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The Quest for the Historical Muhammad Hardcover – March 1, 2000


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Product Details

  • Hardcover: 554 pages
  • Publisher: Prometheus Books; First Edition edition (March 1, 2000)
  • Language: English
  • ISBN-10: 1573927872
  • ISBN-13: 978-1573927871
  • Product Dimensions: 9.3 x 6.3 x 1.6 inches
  • Shipping Weight: 2 pounds
  • Average Customer Review: 2.8 out of 5 stars  See all reviews (40 customer reviews)
  • Amazon Best Sellers Rank: #722,130 in Books (See Top 100 in Books)

Editorial Reviews

From Publishers Weekly

Warraq, author of Why I Am Not a Muslim, here offers a "quest for the historical Muhammad" using the same methodology established by scholars attempting to uncover the historical Jesus. Applying this approach to determine if early traditions about Muhammad and the birth of Islam are historically accurate, Warraq predictably finds that the faith tradition cannot support the historian's demanding gaze. For example, Warraq argues that the centrality of Muhammad himself (as the prophet of God, author of the Qu'ran and focal point of Islamic culture) did not emerge until at least two centuries after the death of the historical Muhammad. Warraq's subtext is significantly unlike the Jesus Seminar's similar work, in which historians who are also Christians struggle to sort out the ways that historical methodology may illuminate and enliven the faith tradition. As his earlier titles suggest, this is not the work of a Muslim in radical dialogue with his faith. Under the guise of scholarly objectivity, Warraq wages a vigorous attack on the traditions of Islam. Biases notwithstanding, there is also much useful scholarship here; not only has Warraq provided a highly readable critical survey of the literature of this quest, he has also collected the most important texts needed to begin a more objective evaluation of Islam's sacred tradition. The reader's task is to sort the polemic from the scholarship. (Mar.)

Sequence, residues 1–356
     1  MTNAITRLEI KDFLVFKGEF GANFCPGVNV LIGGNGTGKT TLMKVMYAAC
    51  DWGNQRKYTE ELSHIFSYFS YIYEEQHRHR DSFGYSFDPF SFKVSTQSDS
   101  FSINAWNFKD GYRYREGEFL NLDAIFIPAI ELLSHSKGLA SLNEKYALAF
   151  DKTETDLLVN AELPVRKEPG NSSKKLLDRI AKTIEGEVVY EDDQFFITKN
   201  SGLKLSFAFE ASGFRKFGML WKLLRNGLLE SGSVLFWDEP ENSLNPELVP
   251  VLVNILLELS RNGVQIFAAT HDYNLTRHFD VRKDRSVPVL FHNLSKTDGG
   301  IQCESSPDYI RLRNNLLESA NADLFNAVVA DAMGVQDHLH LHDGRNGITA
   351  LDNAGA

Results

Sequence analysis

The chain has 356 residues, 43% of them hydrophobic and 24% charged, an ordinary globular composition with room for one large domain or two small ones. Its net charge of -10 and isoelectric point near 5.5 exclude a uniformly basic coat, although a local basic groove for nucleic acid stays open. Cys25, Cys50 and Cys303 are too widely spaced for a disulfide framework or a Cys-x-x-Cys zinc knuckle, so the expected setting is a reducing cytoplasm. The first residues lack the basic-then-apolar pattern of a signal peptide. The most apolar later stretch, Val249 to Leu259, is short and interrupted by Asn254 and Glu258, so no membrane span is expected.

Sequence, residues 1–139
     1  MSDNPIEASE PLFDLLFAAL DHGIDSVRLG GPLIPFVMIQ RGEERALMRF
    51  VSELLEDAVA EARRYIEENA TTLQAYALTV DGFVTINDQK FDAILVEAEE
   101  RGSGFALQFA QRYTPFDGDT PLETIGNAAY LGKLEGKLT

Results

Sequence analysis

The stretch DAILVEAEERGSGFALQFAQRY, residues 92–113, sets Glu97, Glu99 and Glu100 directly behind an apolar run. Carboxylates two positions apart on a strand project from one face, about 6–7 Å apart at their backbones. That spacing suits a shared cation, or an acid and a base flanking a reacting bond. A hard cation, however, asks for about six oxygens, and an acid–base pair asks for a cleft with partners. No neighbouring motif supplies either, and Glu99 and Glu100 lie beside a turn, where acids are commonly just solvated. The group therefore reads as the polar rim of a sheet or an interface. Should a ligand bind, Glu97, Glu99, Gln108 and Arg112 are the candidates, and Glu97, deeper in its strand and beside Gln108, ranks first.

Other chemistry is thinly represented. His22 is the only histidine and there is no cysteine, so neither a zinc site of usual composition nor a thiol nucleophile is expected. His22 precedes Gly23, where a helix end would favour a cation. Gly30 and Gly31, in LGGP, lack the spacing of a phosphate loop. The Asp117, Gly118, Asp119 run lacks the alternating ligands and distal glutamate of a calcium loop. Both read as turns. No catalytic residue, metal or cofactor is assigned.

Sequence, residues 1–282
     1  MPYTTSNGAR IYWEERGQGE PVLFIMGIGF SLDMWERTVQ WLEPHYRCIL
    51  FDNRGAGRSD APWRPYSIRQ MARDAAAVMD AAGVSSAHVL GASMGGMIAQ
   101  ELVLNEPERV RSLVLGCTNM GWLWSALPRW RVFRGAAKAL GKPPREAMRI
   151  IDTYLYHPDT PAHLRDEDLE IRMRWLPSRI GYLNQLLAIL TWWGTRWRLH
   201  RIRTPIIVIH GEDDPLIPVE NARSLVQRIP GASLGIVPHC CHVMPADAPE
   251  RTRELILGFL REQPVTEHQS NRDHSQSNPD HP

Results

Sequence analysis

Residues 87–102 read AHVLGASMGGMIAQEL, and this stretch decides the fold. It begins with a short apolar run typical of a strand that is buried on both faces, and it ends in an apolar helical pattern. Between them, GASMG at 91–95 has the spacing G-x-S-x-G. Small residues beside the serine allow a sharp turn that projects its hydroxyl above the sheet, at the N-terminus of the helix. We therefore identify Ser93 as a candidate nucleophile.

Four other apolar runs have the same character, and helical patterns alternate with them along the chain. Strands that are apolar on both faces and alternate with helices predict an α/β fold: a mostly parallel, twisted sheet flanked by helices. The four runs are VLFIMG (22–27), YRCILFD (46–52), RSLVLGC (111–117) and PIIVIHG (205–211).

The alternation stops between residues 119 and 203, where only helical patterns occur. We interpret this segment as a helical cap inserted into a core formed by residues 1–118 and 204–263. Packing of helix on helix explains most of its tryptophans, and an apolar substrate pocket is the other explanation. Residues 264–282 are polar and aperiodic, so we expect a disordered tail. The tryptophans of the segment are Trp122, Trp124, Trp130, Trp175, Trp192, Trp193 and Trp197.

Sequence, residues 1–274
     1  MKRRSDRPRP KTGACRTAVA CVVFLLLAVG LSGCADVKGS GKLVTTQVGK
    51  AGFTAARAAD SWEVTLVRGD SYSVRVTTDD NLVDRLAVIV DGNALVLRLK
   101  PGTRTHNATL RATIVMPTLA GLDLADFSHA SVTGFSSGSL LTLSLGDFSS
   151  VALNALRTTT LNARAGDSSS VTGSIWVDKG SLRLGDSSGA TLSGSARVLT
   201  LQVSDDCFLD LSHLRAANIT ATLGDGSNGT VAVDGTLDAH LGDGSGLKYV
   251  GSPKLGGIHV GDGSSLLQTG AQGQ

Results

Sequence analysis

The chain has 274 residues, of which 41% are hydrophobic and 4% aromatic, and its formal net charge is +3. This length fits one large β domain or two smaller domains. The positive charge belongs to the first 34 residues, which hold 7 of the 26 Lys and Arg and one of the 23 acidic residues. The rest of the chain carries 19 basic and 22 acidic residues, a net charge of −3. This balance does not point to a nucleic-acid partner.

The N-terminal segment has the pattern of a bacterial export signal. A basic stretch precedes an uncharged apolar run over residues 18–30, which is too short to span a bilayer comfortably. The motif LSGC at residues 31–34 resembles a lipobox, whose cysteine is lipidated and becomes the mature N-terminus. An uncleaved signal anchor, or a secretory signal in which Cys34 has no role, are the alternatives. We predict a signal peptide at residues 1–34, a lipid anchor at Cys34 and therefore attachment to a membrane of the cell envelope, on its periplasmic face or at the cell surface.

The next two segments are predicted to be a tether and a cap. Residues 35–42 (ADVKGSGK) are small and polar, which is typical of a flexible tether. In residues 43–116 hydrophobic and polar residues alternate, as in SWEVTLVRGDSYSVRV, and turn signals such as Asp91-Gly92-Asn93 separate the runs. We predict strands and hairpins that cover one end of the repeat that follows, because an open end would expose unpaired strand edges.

Copyright 2000 Reed Business Information, Inc.

From Library Journal

This anthology of writings on Muhammad and early Islam "can be seen as an implicit criticism of this optimistic view of our historical evidence for the rise of early Islam." Rather than being a quest, as the title suggests, this work attempts to refute the traditional view and legitimacy of Islam and its founder. Contradictory statements concerning how much historical material is available on the life of Muhammad range from an overwhelming amount to practically none at all. The book, edited by Warraq (Why I Am Not a Muslim), readily admits to the anti-Islamic bias of some of its contributors. For example, Henri Lammens, who authored three chapters, is described as one who had "a holy contempt for Islam." Lammens himself refers to the Qur'an as an "infinitely shabby journal." Although very scholarly, this work is not balanced and is sure to cause a good deal of controversy in the Muslim world. Not recommended.
-Michael W. Ellis, Ellenville P.L., NY
Copyright 2000 Reed Business Information, Inc.

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Most Helpful Customer Reviews

273 of 321 people found the following review helpful By A Customer on May 20, 2000
Format: Hardcover
Who was the Prophet Muhammad?
By Daniel Pipes The Jerusalem Post Friday, May 12 2000
In a well-known and oft-repeated statement, the French scholar Ernest Renan wrote in 1851 that, unlike the other founders of major religions, the Prophet Muhammad "was born in the full light of history." Indeed, look up Muhammad in any reference book and the outlines of his life are confidently on display: birth in CE 570 in Mecca, career as a successful merchant, first revelation in 610, flight to Medina in 622, triumphant return to Mecca in 630, death in 632. Better yet, read the 610-page standard account of Muhammad's life in English, by W. Montgomery Watt, and find a richly detailed biography. There are, however, two major problems with this standard biography, as explained in a fascinating new study, The Quest for the Historical Muhammad, edited by Ibn Warraq (Prometheus Books). First, the massive documentation about Muhammad derives in every instance from Arabic written sources - biographies, collections of the prophet's sayings and doings, and so on - the earliest of which date from a century and a half after his death. Not only does this long lapse of time cast doubt on their accuracy, but internal evidence strongly suggests the Arabic sources were composed in the context of intense partisan quarrels over the prophet's life. To draw an American analogy: It's as though the first accounts of the US Constitutional Convention of 1787 were only recently written down, and this in the context of polemical debates over interpretation of the Constitution. Second, the earlier sources on the prophet's life that do survive dramatically contradict the standard biography.